6.8 Pregnancy and breastfeeding

6.8.1 Pregnancy

Data on M. genitalium and its association with adverse pregnancy outcomes are limited, however it has been associated with a small increased risk of preterm delivery and spontaneous abortion. Azithromycin use during pregnancy is unlikely to increase the risk of birth defects or adverse pregnancy outcomes. A three-day course of azithromycin can be used for uncomplicated M. genitalium infection detected in pregnancy. The use of moxifloxacin in pregnancy is contra-indicated. In women with likely macrolide resistance, or with upper genital tract infection in pregnancy, options are limited. Although doxycycline is considered safe for use in the first trimester by the FDA, the BNF advises against its use in all trimesters. There are no data regarding the use of pristinamycin in pregnancy. An informed discussion should be had with the pregnant woman around the risks associated with the use of these medicines in pregnancy and the risks of adverse outcomes associated with M. genitalium infection, and where possible treatment should be delayed until after pregnancy.

6.8.2 Breastfeeding

Very low levels of azithromycin are detected in breast milk, and systemic exposure in infants does not exceed that observed when azithromycin is administered for treatment, therefore risk is considered to be low. Infants should be monitored for possible side effects due to effects on the gastrointestinal flora including diarrhoea and candidiasis.

Doxycycline is excreted into breast milk and is contraindicated in nursing mothers due to the risk of tooth discolouration and effects on bone growth. Use of moxifloxacin is contraindicated during breastfeeding. Pristinamycin is contraindicated during breastfeeding due to its side effect profile.

6.9 Adverse events

Azithromycin, doxycycline, moxifloxacin and pristinamycin can all cause gastro-intestinal problems including nausea but symptoms are most frequently reported with doxycycline and azithromycin doses over 1g. Caution should be taken when prescribing azithromycin or moxifloxacin to patients already on medications which may prolong the QT interval. The European Medicines Agency committee has recommended that the use of fluoroquinolone antibiotics should be restricted following a review of their disabling and potentially long-lasting side effects. Healthcare professionals should advise patients to stop treatment with a fluoroquinolone antibiotic at the first sign of side effects involving muscles, tendons, bones or the nervous system. The only absolute contra-indication to moxifloxacin is known hypersensitivity to this class of drugs. Hepatotoxicity has been reported but is very rare (<1/10 000).

6.10 HIV

Treatment of M. genitalium in HIV-positive individuals is the same as that for HIV-negative individuals.

6.11 Test of Cure and follow up

TOC is vital in ensuring microbiological clearance of infection and is recommended for all patients with confirmed M. genitalium, even if the infection was initially sensitive to macrolides, to detect resistance which may have emerged following treatment. Persistence of M. genitalium has been demonstrated in the absence of symptoms in men treated for NGU. This occurs in about 10-20% of men treated with doxycycline, but is not associated with development of AMR. Persistence of M. genitalium following treatment with azithromycin and moxifloxacin is strongly associated with antimicrobial resistance.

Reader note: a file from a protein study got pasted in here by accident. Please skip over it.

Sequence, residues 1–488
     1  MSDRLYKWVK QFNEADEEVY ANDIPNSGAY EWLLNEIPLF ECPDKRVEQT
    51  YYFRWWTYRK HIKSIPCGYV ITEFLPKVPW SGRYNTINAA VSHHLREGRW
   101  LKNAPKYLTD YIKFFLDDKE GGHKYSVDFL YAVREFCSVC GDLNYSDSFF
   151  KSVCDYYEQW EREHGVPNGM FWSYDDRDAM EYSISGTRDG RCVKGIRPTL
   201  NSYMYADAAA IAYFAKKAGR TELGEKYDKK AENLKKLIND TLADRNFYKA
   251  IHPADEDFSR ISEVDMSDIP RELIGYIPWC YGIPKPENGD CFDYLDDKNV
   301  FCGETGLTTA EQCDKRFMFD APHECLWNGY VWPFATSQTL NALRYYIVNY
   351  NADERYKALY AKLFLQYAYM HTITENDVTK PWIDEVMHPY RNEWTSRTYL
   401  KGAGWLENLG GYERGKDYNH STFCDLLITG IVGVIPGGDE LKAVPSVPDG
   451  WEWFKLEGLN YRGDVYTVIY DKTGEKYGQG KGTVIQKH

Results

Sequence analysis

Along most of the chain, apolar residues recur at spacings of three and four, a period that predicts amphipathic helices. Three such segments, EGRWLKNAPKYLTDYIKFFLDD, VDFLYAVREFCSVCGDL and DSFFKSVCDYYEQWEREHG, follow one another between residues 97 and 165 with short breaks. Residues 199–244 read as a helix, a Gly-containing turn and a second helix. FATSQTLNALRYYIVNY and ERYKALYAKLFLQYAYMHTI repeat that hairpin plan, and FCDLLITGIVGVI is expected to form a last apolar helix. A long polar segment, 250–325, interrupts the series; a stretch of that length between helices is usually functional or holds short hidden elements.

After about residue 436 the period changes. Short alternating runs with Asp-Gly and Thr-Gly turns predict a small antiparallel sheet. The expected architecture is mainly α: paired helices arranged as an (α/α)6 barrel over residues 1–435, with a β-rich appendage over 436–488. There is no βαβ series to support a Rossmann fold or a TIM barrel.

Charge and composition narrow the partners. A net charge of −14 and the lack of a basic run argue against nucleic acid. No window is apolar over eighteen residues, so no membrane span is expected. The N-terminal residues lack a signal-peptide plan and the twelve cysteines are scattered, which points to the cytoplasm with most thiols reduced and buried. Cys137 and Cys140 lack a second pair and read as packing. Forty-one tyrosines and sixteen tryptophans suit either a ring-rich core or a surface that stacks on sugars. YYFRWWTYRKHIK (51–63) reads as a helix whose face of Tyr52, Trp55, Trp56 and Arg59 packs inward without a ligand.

• BASHH recommend all patients should attend for a TOC five weeks (and no sooner than three weeks in order to avoid false negative results) after the start of treatment to ensure microbiological cure and to help identify emerging resistance 

Treatment failures should be reported to PHE at: https://hivstiwebportal.phe.org.uk

7. Auditable Outcome Measures

New cases of M. genitalium should have SHHAPT (Sexual Health and HIV Activity Property Type) code “C16” submitted to GUMCAD (performance standard 97%)

Individuals treated for M. genitalium should have a TOC at least 5 weeks after the start of treatment (performance standard 97%)

Cases of confirmed treatment failure by positive TOC should be reported to PHE at: https://hivstiwebportal.phe.org.uk

Individuals should be provided with written information about their diagnosis and management (performance standard 97%)

PN should be performed and documented according to the BASHH statement on PN for sexually transmissible infections (performance standard 97%)


[A] Given that most individuals will have had doxycycline as first-line treatment for uncomplicated infection, a repeat course is unnecessary once the M. genitalium positive result is known. Azithromycin should be given immediately after doxycycline, and ideally within 2 weeks of completing doxycycline. If this is not possible, the course of doxycycline should be repeated prior to giving azithromycin.

[B] Treatment failure is defined as persistent symptoms following treatment, or a positive test of cure taken five weeks post-treatment.

[C] Prior treatment with doxycycline will reduce M. genitalium load and has been demonstrated to be of benefit if administered prior to extended azithromycin and also pristinamycin treatment which is only 75% effective as mono-therapy.


full guideline available from…


British Association for Sexual Health and HIV. British Association for Sexual Health and HIV national guideline for the management of infection with Mycoplasma genitalium (2018). 

Published date: December 2018.